Janet for President? On Facebook

Janet Museveni for president 2011
Janet Museveni for president 2011

A group of Facebookers have started a page on the site called “Mama Janet Museveni for President 2011″. As you can tell by the name of the group, these people want the First Lady to take over from the First Man. Over 1,680 people have signed up in support of the page.

In between the posts on the page promising that you can make $5,000 a month working from the comfort of your own home, Mama Janet is getting some genuine support.

One Julius Tugume asks the first lady to take up the challenge and Ugandans will give her more votes than her husband. He adds that current President Museveni should be her political adviser.

Another supporter, Vernon Tugumizemu, says that he will sacrifice all his time to campaign for Mama Janet should she stand for the presidency because she is appealing to the entire youth fraternity. Oscar Serwanja wants Janet as President and Yoweri as Vice President, which will make Uganda a far better place.

Benard Adiko Ayo who says he supports Janet for presidency, asks her what she is going to do for Northern Uganda since her husband always says “we are small mosquito, and all our cattle was stolen in his time and he has done nothing about it.”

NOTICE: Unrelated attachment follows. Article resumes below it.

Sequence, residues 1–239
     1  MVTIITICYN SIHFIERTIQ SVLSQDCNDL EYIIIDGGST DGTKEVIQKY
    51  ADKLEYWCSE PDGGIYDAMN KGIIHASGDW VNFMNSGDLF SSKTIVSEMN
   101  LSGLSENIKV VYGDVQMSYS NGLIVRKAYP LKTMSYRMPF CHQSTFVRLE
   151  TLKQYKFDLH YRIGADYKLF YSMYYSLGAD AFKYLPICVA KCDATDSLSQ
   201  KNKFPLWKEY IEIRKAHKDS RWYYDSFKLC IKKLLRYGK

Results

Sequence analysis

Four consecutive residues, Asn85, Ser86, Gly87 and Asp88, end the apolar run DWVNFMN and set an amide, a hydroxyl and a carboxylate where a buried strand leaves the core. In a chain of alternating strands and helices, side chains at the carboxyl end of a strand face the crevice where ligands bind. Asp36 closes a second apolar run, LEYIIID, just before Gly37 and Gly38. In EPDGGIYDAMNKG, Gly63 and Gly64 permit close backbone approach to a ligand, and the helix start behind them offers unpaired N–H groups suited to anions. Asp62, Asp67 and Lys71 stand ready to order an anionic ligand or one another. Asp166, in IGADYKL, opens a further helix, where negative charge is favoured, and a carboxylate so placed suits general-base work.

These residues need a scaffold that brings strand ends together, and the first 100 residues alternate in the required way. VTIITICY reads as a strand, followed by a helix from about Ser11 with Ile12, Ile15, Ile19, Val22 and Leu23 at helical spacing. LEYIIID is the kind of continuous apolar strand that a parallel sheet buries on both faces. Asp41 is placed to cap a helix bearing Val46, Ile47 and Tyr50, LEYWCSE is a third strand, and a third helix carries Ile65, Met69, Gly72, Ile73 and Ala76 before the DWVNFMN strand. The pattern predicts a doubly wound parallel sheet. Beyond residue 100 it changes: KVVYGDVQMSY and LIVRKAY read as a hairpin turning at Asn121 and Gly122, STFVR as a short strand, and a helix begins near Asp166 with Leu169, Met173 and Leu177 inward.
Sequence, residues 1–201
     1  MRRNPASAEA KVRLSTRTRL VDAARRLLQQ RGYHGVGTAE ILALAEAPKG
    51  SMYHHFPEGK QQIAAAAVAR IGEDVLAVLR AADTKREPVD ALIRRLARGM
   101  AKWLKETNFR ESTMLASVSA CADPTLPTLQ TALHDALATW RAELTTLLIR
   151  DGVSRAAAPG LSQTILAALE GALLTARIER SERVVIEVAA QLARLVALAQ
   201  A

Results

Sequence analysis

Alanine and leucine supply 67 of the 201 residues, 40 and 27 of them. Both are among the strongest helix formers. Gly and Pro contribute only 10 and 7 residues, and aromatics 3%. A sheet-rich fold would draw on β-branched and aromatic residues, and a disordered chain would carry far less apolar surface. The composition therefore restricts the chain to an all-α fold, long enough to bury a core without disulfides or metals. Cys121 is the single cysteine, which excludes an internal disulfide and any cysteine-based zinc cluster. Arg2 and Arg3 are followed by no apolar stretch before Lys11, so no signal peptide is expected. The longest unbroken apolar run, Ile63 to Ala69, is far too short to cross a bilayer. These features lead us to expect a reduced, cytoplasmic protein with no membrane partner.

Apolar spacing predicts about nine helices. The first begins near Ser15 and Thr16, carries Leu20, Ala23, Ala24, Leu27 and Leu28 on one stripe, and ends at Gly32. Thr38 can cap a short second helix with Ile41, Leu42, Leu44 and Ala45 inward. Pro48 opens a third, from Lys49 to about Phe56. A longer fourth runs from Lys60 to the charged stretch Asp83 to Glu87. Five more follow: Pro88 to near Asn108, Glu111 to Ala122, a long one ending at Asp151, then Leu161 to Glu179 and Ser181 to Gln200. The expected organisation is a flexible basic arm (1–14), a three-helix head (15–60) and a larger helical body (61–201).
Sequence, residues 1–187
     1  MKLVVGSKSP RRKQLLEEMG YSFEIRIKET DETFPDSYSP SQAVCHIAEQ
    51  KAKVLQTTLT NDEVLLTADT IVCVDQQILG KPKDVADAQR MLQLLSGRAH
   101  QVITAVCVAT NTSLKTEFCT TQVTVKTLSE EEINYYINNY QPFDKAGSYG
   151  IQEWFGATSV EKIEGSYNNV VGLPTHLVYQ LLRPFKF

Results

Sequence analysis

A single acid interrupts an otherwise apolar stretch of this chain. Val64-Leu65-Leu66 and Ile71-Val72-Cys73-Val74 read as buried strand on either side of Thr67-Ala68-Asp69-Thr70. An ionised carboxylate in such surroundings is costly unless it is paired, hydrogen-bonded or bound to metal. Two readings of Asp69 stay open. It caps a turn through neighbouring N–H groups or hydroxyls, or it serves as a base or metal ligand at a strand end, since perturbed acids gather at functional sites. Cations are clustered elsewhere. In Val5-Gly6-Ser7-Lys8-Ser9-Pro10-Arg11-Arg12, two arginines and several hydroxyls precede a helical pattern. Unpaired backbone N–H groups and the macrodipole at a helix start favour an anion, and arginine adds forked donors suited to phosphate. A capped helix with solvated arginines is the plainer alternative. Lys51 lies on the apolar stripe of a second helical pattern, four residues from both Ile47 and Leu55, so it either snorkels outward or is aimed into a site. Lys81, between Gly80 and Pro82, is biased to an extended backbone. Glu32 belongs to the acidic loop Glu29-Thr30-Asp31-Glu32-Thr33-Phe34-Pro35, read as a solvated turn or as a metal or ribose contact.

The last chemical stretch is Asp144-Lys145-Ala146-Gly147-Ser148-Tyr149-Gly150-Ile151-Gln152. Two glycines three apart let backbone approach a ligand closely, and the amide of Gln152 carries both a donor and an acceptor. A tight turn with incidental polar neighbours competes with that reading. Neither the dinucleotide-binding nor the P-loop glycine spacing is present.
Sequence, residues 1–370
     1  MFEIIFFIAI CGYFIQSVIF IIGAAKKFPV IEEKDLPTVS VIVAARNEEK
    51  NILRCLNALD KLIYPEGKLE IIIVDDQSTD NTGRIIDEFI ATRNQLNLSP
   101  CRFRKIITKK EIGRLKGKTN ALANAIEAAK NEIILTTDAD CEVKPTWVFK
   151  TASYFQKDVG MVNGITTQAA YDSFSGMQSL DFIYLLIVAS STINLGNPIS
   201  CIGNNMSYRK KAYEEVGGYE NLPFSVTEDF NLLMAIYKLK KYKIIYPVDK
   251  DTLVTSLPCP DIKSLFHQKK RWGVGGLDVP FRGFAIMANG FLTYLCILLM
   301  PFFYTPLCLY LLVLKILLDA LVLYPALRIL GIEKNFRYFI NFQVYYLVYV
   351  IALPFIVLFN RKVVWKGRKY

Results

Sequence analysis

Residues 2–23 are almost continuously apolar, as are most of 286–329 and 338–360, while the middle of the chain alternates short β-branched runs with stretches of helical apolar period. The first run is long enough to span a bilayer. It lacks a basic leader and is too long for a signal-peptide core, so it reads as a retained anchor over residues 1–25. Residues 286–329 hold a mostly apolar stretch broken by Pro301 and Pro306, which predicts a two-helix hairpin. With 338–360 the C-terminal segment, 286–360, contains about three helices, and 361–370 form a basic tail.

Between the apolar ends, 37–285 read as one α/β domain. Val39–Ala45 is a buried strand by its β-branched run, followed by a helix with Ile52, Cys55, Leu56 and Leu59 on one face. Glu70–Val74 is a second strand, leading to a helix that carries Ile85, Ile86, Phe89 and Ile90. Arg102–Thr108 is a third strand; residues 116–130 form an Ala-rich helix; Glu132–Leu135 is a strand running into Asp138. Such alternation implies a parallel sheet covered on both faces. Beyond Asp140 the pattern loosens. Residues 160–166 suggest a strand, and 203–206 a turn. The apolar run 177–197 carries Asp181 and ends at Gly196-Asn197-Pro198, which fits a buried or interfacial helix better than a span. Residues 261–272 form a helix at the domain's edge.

However, Akanga Robert says thinks that even though Mama Janet is a role model for this country, he will not support her bid for presidency and that he will fight whoever stands against Mzee Museveni.

He goes on that in Uganda, if there was no Museveni, it would have been necessary to invent one, and that Ugandans should feel fortunate to have him. “I strongly believe that Mzee is irreplaceable, at least in the foreseen future,” he concludes.

In response to the supporters of her presidential project, Janet states that all Ugandans should remain behind Mzee Yoweri Museveni “to lead us into the new decade.” She further informs them that the delegates in the recently concluded chaotic NRM Conference decided to front Yoweri Museveni as the party flag-bearer into the 2011 general elections, and that is not going to change.

As this debate goes on, it is good to note that Ugandans have embraced discussing such issues online, although some of the topics discussed are admittedly a bit sloppy